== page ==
(b) The possession of any weapon, device, or ammunition, other than a short-barreled rifle or short-barreled shotgun, by any peace officer of any federal, state, county, city and county, or city agency that is charged with the enforcement of any law, when the officer is on duty and the use is authorized by the agency and is within the course and scope of the officer’s duties.
(c) Any weapon, device, or ammunition, other than a short-barreled rifle or a short-barreled shotgun, that is sold by, manufactured by, exposed or kept for sale by, possessed by, imported by, or lent by, any person who is in the business of selling weapons, devices, and ammunition listed in Section 16590 solely to the entities referred to in subdivision (a) when engaging in transactions with those entities.
California’s knife laws are in a state of flux, as demonstrated by both People v. Rubalcava (decided under the old prohibited weapons statute) and In re: Luke W. In this case, the court recounts the long and complex history of California’s knife laws. This is not a simple history and it appears that more changes could occur at any time. Originally, the list of banned knives was found at CPC sec. 12020. That statute was replaced with CPC sec. 16590, which contains an exhaustive list of weapons, including all of the banned knife designs, which the legislature has determined are usually used for criminal purposes. People v. Wasley (decided under old version of statute, 12020). Furthermore, this statute has been updated and altered many times, including references to recently added definitions of various kinds of knives in other parts of the penal code. Possession, alone, is all that is required to commit a felony for possession of a “prohibited weapon” though, according to Rubalcava, in the case of dirk knives and daggers, they must also be concealed.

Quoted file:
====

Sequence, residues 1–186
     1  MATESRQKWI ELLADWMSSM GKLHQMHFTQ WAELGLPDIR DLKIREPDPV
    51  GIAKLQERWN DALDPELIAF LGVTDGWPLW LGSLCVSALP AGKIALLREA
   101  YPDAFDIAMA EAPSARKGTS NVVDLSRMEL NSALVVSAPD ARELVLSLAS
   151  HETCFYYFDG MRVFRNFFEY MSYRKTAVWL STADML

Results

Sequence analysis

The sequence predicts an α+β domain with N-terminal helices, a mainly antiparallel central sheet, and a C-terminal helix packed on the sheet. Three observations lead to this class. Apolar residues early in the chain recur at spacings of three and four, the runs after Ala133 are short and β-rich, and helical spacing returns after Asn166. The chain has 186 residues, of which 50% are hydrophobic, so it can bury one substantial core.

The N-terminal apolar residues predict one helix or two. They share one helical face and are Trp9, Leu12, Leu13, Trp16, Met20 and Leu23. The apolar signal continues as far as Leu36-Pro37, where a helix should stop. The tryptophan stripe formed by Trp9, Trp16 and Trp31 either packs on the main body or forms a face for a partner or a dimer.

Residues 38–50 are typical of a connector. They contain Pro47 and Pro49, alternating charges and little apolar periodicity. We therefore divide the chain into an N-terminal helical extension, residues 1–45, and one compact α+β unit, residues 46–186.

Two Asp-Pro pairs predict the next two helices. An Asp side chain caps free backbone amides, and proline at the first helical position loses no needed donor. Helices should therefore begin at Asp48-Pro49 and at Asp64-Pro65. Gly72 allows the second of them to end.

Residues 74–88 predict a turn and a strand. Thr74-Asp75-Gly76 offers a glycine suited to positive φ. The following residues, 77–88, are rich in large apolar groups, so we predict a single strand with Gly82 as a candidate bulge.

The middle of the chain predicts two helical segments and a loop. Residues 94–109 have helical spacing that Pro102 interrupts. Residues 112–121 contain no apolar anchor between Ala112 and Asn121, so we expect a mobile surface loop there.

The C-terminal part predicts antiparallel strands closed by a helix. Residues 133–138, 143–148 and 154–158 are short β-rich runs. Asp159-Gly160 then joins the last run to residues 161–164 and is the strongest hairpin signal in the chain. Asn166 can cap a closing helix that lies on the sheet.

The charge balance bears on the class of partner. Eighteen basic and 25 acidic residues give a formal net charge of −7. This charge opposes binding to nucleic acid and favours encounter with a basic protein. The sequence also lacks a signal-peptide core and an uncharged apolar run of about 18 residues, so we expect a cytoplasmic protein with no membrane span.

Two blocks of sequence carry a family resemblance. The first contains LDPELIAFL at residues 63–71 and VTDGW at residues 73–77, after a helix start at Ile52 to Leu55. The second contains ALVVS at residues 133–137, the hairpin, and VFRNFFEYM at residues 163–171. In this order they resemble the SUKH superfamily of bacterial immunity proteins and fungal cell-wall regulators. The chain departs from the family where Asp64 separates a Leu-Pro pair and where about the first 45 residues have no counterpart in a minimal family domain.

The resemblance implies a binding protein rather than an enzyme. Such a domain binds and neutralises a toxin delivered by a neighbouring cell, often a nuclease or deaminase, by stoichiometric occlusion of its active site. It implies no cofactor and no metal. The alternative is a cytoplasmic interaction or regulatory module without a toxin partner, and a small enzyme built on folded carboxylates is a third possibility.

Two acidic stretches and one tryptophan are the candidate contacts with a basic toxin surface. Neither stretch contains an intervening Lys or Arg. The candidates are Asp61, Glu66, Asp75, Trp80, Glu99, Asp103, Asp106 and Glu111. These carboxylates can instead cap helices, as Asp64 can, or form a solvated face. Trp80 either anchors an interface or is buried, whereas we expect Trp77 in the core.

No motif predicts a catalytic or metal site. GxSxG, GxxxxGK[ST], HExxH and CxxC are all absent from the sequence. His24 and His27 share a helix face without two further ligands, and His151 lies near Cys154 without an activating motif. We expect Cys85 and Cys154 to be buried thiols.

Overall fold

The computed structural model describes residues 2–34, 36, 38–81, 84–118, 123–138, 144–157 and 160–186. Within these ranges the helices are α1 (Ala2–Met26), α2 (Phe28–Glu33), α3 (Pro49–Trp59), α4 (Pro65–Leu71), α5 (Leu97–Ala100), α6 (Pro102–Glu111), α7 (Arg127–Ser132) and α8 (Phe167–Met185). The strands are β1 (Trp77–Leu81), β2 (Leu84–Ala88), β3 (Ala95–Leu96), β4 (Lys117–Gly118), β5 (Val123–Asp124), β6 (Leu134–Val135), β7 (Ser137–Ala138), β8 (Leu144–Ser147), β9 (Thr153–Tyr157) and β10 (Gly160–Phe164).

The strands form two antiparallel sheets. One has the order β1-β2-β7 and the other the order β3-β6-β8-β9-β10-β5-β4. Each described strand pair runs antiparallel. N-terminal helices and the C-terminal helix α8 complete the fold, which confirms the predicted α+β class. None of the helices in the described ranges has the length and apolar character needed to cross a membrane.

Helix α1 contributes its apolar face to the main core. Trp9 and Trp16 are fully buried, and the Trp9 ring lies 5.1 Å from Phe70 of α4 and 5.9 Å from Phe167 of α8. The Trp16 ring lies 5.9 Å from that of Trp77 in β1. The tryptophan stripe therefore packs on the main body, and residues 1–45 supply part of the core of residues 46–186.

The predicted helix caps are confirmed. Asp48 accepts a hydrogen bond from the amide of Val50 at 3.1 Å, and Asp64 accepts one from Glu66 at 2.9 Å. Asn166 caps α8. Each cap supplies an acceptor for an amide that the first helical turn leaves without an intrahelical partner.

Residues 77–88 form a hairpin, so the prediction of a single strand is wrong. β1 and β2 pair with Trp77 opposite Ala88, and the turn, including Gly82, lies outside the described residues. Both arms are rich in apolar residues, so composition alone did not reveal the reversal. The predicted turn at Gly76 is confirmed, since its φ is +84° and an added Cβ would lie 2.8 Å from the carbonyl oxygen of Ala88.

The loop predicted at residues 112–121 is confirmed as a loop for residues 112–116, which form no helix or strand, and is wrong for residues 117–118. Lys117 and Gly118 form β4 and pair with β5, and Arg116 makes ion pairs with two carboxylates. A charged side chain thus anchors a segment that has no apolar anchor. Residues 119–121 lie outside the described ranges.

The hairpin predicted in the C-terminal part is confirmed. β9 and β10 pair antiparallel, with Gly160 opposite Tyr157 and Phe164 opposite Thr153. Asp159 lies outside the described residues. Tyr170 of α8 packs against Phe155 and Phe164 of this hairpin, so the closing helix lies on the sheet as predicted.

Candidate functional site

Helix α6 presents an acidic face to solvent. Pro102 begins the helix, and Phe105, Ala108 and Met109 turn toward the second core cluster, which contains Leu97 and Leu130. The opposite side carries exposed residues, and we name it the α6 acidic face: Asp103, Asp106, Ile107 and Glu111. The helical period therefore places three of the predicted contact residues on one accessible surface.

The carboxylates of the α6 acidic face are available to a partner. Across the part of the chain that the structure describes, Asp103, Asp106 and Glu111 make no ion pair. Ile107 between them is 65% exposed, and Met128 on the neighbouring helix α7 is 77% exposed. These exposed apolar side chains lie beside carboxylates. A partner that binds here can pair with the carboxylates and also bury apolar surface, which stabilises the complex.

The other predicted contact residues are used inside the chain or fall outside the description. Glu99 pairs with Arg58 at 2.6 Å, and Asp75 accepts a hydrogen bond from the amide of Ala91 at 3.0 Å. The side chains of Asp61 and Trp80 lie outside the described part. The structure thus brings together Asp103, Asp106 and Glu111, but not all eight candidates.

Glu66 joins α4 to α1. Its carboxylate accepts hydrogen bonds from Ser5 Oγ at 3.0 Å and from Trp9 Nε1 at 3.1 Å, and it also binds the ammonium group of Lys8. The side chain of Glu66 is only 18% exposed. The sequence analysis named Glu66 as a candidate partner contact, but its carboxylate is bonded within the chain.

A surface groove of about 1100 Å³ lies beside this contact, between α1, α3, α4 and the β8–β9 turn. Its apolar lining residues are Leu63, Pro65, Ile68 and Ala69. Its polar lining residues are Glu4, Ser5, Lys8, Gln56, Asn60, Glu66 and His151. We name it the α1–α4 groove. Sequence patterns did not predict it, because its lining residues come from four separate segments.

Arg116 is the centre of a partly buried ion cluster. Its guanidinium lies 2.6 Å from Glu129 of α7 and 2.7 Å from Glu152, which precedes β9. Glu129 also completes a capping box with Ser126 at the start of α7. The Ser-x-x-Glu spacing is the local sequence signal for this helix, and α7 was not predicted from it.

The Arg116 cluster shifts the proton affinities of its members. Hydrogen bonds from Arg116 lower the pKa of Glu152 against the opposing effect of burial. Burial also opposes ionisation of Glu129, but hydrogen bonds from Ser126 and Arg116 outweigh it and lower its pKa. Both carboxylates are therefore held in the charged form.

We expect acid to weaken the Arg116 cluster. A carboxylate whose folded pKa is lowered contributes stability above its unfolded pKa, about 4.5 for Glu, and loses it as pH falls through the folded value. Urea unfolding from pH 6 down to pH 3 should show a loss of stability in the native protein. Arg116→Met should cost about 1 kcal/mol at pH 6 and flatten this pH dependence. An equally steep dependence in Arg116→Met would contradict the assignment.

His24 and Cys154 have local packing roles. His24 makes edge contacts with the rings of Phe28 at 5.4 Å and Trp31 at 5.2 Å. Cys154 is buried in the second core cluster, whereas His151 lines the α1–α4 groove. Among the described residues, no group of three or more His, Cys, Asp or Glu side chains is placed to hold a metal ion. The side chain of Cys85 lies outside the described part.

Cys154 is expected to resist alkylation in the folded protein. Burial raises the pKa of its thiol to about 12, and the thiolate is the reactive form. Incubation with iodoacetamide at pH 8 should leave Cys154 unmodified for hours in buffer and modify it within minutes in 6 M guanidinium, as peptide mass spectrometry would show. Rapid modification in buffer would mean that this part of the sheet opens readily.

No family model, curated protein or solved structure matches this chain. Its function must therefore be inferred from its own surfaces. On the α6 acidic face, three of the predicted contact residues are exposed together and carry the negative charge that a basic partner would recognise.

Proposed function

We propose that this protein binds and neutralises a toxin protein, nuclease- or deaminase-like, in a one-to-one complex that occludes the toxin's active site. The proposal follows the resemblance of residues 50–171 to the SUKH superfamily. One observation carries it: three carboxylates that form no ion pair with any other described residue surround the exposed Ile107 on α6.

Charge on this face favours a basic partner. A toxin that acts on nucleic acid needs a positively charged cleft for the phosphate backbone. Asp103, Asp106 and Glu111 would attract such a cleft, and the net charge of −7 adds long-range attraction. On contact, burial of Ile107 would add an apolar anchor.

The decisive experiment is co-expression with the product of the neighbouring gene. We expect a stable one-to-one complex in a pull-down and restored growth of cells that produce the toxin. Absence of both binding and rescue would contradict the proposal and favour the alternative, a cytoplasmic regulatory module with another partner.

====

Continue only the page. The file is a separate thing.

The concealed carry provision is the most often charged knife-related offense in recent years. According to People v. Mitchell, the intent of this law is to prevent people from being surprise attacked by very dangerous stabbing-type knives. Though the statute sounds relatively limited, case law has proven this to be untrue. First, often cases report simply ludicrous claims about how knives are carried. In People v. Castillolopez, for example, the police claimed that the defendant had a counterfeit Swiss Army Knife stored open in his pocket. In Mitchell the police claimed that the defendant had a five-inch dagger with an “exposed” tip stored between his belt and his pants. These types of assertions are commonplace in knife-related case law, despite being hard to fathom as true. Also, the statute’s concealment component is relatively easy for the State to prove. According to Mitchell, the State does not need to prove that a person intended to carry the knife concealed, but simply they were carrying a dirk knife or dagger AND that it was concealed.